Ohio House members approved loosening the state’s gun laws during a marathon session Wednesday afternoon, including allowing most adults to carry a concealed weapon without a license and significantly cutting down training requirements to carry guns in schools.
Under the legislation, anyone age 21 or older who is not otherwise prohibited from carrying concealed weapons could do so without a license — and any sort of legal weapon, not just a handgun.
“Anyone currently prohibited from purchasing a firearm under Ohio or federal law will still be prohibited from purchasing or carrying a firearm under House Bill 227,” said cosponsor state Rep. Kris Jordan, R-Ostrander.
His fellow cosponsor, state Rep. Thomas Brinkman, R-Mt. Lookout, said concealed carry training and licensing would still be available for those who want to carry across state lines.
Gun rights groups hailed the vote.
“Ohio is far behind other states in recognizing Ohioans’ right to freely carry firearms without a burdensome licensing process,” Dean Rieck, executive director of the Buckeye Firearms Association, said in a news release. “There is no other constitutional right where we tolerate so many barriers. In 21 other states, no licensing is required.”
The bill also says people would not automatically have to notify law enforcement that they have a weapon in their vehicles when stopped by police, Brinkman said.
Democrats denounced the bill and offered several amendments to soften it. Republicans voted them all down.
“You know there’s only one thing you need to read about this bill. It’s called the Second Amendment to the United States Constitution,” Brinkman said.
But many Republicans joined Democrats in voting down an amendment by state Rep. Nino Vitale, R-Urbana, which would have put language back in the bill offering blanket immunity from prosecution for people who used a concealed weapon to protect themselves or others.
Ultimately the bill passed by a 60-32 vote. It will now head to the Senate.
Substitute House Bill 99, sponsored by state Rep. Thomas Hall, R-Middletown, would exempt people authorized to carry guns in a school zone from the basic training required of peace officers.
School districts can permit their teachers and staff to be armed, but with hundreds of hours of required training, Hall said. His bill would set a minimum for training, but not a maximum, allowing school districts to require as much as they see fit.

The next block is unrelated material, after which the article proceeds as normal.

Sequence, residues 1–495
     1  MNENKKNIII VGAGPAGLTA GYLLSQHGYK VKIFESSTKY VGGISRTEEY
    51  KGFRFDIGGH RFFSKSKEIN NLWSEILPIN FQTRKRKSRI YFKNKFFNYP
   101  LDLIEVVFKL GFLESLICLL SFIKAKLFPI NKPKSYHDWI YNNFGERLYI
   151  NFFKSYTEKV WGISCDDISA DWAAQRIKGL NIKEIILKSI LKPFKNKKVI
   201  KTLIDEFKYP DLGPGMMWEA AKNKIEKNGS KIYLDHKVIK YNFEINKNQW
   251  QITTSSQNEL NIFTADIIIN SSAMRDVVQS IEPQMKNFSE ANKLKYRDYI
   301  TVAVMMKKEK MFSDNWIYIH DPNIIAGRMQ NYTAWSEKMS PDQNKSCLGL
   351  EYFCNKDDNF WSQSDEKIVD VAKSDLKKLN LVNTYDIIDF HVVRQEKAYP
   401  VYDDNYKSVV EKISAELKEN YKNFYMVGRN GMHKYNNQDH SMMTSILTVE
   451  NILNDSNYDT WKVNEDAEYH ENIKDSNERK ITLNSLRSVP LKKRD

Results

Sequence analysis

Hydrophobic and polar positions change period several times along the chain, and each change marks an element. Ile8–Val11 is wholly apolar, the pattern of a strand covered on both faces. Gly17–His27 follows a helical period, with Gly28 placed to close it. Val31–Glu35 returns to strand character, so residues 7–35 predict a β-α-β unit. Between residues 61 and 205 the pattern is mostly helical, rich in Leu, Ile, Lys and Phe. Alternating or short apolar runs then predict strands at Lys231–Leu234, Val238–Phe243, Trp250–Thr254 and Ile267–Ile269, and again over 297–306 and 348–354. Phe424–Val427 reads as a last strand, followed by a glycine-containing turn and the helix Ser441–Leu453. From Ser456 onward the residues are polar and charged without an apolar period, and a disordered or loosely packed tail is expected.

The minimum would be 20 hours of initial training and four hours of recurring training, Hall said.
School boards would be required to notify the public of changes in their gun-carrying policies, he said.
Hall previously said his bill is the clarity requested by the Ohio Supreme Court when justices ruled 4-3 this summer that if school staff and teachers are armed by their districts, they’ll need the same level of training as law enforcement officers, which is more than 700 hours.
Several Democrats denounced the bill, urging that training and public notice requirements be increased.
State Rep. Phil Plummer, R-Butler Twp., said that as former Montgomery County sheriff he was skeptical of the bill, but changed his mind after helping to train teachers. It can take a long time, particularly in rural counties, for law enforcement to respond to reports of a school shooting, he said.
“We’ve got to arm these teachers to give our kids a fighting chance,” Plummer said.
The bill passed 58-33. It will now head to the Senate.
A bill to ban ban “spoofing” — making a call appear to come from a different, often familiar number — also passed the House on Wednesday. It passed the Senate 31-1 in May, and is headed for Gov. Mike DeWine’s desk.
Senate Bill 54, sponsored by state Sen. Theresa Gavarone, R-Bowling Green, would prohibit an intended fraudster from making a caller ID service “transmit inaccurate or misleading caller identification information.”
State Rep. David Leland, D-Columbus, endorsed the bill’s specific penalties for defrauding the elderly, disabled and members of the military. It would elevate the offense from a fifth-degree felony to the fourth degree if one of those groups was the target. A fourth degree felony carries a potential sentence of up to 18 months in prison and a $5,000 fine.
House members passed the bill 77-2.
It would bring Ohio law in line with the federal Telemarketing and Consumer Fraud and Abuse Prevention Act, its Telemarketing Sales Rule and the Telephone Consumer Protection Act.
The Dayton region received more than 16.5 million robocalls in September, according to YouMail, which tracks robocalls. That works out to more than 550,000 per day. YouMail estimates that about 42% of those robocalls calls are alerts or payment reminders, but that about 31% are scams.